So, as shown in the example of FIG. 3B, the bulk area mask 130 may be masked temporarily with a mask 131 of a suitable material, and the exposed fully depleted hard mask 128 removed from fully depleted area 124 islands. Then, the temporary mask 131 is removed from the wafer 120. In the example of FIG. 3C, after re-exposing the fully depleted area 124 islands the a suitable etchant, e.g., RIE, is used to remove a thickness (T2) of the wafer 120, simultaneously from both the partially depleted areas 122 and from the exposed fully depleted areas 124. Essentially, T2 determines the depth of the subsequently formed (in step 106 of FIG. 1) dielectric, and may be any suitable value, e.g., 10-100 nm. So, as shown in the example of FIG. 3D, the surface contour has a topology with plateaus in bulk areas 126, valleys (at a depth T3 below the plateaus, i.e., T3=T1+T2) in partially depleted areas 122 and intermediate terraces in fully depleted areas 124. Further, this surface tailoring step guarantees that the partially depleted areas 122 and the exposed fully depleted areas 124 seamlessly butt each other after BOX is formed. Since these areas butt each other, device alignment is significantly improved to reduce wasted area for high device density. Having tailored the surface, the remaining mask 130 is removed from the bulk areas 126.

FIG. 4 shows implanting Oxygen (arrows 132) with a single implant energy and dose to a uniform depth into the tailored surface, e.g., in step 106 of FIG. 1. The implanted oxygen conformally penetrates the surface contour to the same relative depth, T3. So, the subsurface oxygen pockets form strata at different depths instead of in a planar layer. The wafer may be annealed such that the oxygen forms Buried OXide (BOX) strata 134, 136, 138, each T3 below the contoured surface. Further, the subsurface oxygen strata 134, 136, 138 have the same subsurface placement as the surface contour, i.e., forming upper plateau strata 134 below surface layer 140 in bulk areas 126, lower valley strata 136 in partially depleted areas 122 and intermediate terrace strata 138 in fully depleted areas 124. Preferably, the intermediate terrace strata 138 form at a depth (T4) below upper plateau strata 134, where T4=5-25 nm; and the lower valley strata 136 form below the intermediate terrace strata 138 at the initial partially depleted area 122 etch depth, T1.

FIG. 5 shows an example of planarizing the contoured surface of wafer 120, e.g., in step 108 of FIG. 1. Preferably, the wafer 120 is planarized to surface 142 using a suitable chemical-mechanical-polish (chem-mech-polish or CMP), such as are well known in the art, to remove the bulk area surface layer (140 in FIG. 4) and BOX strata 134. The resulting SOI layer in partially depleted areas 122 has a thickness (T5), that is, essentially, the sum of thickness (T4) of the resulting SOI layer in fully depleted areas 122 and the initial partially depleted area 122 etch depth, T1. So, preferably, the partially depleted surface layer 144 in areas 122 is 100-300 nm thick (T5) and the fully depleted surface layer 146 in areas 124 is 5-25 nm thick (T4).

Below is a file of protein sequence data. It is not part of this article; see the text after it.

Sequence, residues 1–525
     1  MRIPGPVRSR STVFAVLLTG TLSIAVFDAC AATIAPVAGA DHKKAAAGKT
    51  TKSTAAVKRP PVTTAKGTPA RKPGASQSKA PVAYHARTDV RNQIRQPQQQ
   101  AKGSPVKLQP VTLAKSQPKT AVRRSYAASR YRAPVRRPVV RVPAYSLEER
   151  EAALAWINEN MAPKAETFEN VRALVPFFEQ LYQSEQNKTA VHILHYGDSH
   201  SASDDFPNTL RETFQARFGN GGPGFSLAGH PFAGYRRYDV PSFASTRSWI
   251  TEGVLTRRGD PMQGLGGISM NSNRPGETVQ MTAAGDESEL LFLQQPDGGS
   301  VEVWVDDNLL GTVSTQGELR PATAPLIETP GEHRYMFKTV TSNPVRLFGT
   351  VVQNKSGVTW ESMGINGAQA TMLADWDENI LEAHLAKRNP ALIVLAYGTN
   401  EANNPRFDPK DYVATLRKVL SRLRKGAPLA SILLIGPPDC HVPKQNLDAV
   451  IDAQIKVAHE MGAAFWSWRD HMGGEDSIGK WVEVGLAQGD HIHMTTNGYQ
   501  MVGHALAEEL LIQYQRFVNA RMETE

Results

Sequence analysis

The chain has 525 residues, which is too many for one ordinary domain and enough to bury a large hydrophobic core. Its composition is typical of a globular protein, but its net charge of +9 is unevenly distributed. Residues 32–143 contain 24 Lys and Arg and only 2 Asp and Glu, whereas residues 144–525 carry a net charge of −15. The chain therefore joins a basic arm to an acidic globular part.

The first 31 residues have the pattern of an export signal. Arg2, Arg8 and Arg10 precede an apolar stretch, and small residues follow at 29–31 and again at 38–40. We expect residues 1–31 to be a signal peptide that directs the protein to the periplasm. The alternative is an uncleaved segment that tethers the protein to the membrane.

CMP may cause dishing when the partially depleted areas 122/fully depleted areas 124 occupy a large portion of the chip area. So, preferably, the total chip area occupied by the partially depleted areas 122 and fully depleted areas 124 is less than 20% of the total chip area. Further, it is preferable that the fully depleted areas 124 occupy less than 50% of the total chip area encompassed by the partially depleted areas 122. Also, it is preferable that the fully depleted areas 124 are located in partially depleted areas 122 and such regions are uniformly distributed across the chip 120 for optimum silicon thickness control, especially in the fully depleted areas 124. It should be noted, however, that this arrangement of fully depleted islands 124 in partially depleted areas 122 that are surrounded by bulk areas 126 is for example only and not intended as a limitation. For example, multiple fully depleted islands 124 may be located in a single partially depleted area 122, multiple fully depleted islands 124 and/or partially depleted areas 122 may be located in disparate bulk areas 126, or a bulk chip 120 may include only fully depleted islands 124 or partially depleted areas 122.